Another great stop was Dun Beag Broch, a small fort, likely dating from 100 years BC and reoccupied in the medieval times as a family house. Its round shape is well preserved and perfect for exploring.
It’s a short uphill walk from the parking lot through a sheep field to the top of the fort. The views alone are stunning. We were able to see all the way back to the water, including small towns of white houses dotting the coastline.
You can walk around the upper wall or explore inside the old house. There is a sign board on the far side that shows an artist’s rendering of what the fort likely looked like when inhabited.
If you have a great trip leader like we did he will find the craziest path up and down to the fort, but you will enjoy every moment and scare quite a few sheep on the way.
Dunvegan Castle is worth the stop but perhaps not for the reason you think. Arrive early to avoid crowds (see a theme), bypass the castle altogether and head down to the boat house and put yourself on a seal trip (extra 7 Euro fee required).
A small boat took just our family (arriving early has its perks) out to explore the seal colony that has been living here as long as the castle has been around. The kids were amazed!
We saw seals nursing their new pups on the island shores. There were also plenty of seals swimming around our boat eyeing us up.
In addition to the seals we saw jellyfish – at least two separate varieties – and so many sea birds. Some of the birds come all the way from Africa to nest here.
The castle (and owner) take themselves a bit too seriously. Each room is overly done with clan memorabilia, including a fairy flag that legend has it has helped the clan declare victories in battle over its storied years. The video in the basement, narrated by the current clan head and castle owner, is not to be missed, not for its information but because you will see just how seriously he takes himself.
Dunvegan also has the hardest children’s activity I’ve ever participated in. In each room keys are hidden. Children are asked to find as many as they can and tell the woman at the exit how many. These suckers are HIDDEN. High and low. We had to ask for help in most rooms, but it did keep H engaged. At the end both he and O were given pens as a reward for their hard work.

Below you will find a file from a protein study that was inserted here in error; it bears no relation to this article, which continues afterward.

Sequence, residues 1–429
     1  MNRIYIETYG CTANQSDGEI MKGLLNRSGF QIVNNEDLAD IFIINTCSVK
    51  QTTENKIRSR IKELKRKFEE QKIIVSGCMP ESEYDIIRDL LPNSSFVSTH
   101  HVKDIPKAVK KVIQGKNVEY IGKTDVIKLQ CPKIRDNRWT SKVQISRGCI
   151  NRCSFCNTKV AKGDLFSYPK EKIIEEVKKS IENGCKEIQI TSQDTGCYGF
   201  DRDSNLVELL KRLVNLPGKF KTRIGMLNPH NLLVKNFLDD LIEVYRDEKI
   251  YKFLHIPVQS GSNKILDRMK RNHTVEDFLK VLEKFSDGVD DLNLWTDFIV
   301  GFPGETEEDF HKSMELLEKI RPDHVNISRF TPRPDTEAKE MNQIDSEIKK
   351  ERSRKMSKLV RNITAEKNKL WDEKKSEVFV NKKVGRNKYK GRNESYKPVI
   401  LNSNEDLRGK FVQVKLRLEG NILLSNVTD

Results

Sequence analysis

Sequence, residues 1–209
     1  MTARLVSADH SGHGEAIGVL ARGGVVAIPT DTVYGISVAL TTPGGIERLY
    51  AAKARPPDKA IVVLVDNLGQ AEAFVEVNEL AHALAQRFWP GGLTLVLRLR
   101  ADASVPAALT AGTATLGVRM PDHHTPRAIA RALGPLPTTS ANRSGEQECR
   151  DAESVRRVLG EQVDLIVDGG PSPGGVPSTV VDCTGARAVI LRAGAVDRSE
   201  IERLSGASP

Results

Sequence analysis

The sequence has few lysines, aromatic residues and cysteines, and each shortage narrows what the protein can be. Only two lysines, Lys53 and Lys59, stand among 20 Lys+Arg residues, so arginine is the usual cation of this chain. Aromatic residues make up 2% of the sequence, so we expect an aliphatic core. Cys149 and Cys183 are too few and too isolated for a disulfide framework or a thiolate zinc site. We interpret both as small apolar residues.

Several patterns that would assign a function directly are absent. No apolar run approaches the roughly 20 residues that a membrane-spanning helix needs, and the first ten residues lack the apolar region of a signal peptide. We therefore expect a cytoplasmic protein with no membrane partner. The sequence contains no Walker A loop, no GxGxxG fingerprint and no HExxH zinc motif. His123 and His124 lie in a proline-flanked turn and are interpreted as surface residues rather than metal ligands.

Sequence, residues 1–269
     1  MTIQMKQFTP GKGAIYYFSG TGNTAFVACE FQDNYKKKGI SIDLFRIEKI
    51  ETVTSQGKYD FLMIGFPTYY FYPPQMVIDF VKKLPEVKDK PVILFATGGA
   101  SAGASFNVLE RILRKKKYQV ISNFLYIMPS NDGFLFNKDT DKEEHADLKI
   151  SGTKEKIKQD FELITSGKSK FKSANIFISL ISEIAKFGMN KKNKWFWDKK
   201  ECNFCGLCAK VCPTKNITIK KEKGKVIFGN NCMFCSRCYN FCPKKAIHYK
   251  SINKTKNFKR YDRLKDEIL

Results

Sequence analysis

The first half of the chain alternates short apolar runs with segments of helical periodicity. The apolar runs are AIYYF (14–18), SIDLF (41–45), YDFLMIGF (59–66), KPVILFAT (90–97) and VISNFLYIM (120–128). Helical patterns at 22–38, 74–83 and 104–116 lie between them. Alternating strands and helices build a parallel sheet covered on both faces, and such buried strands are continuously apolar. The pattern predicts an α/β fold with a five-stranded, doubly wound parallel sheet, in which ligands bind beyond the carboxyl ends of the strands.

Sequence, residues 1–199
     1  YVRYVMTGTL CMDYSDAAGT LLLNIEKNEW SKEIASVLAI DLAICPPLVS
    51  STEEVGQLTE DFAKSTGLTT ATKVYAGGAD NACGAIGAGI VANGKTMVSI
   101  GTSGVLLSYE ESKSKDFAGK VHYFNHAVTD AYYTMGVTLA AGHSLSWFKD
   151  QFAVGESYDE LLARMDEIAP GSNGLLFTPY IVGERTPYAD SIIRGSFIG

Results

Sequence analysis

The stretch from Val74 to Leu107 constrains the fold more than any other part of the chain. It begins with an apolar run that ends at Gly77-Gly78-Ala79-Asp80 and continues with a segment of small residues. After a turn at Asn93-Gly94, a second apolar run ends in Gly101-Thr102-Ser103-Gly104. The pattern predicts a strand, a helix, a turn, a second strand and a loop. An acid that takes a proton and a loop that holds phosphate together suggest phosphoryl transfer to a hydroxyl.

The extensive castle gardens are also worth exploring. When we were there in July they were bursting with color. We left without fully seeing the grounds in order to get the kids fed, but what we explored was breathtaking.
We had lunch at the Stein Inn, a bit of a drive from the castle, but the perfect location for a delicious lunch. The staff was not very friendly. The food was delicious though and made up for the service! We came in and took the first seats we saw in the front corner. Had we ventured back a bit we would have found tables outside a children’s play area filled with blocks and other toys. (Wish someone had told us!)
The coral beach is just north of the castle and is a bit of a walk. When we arrived at the parking lot it was packed. Once you get on the trail though it hardly feels like anyone is there.
The beach will make you think you are on a Caribbean white sand beach, but pick up the sand and it is clearly small shells and pieces of coral.
It is a great place to let the whole family explore.
We took a drive to see the other island landmarks which can be seen on a loop driving tour. It seemed that each time we reached one of the landmarks the skies would open up and rain on us for just the period we were viewing the landmark! Our favorite though was Kilt Rock. A waterfall plunges off the cliffs into the water just in front of a rock formation that mimics the pattern on a kilt.
The Isle of Skye was truly magical and has landscapes unlike anything else we encountered in Scotland. Each time we got out of the car we encountered something new. I’m glad it was part of our driving tour and think it should be part of yours.
We just wanted to make sure you knew that VisitScotland provided us with an ASVA attractions pass during our visit. All opinions are our own.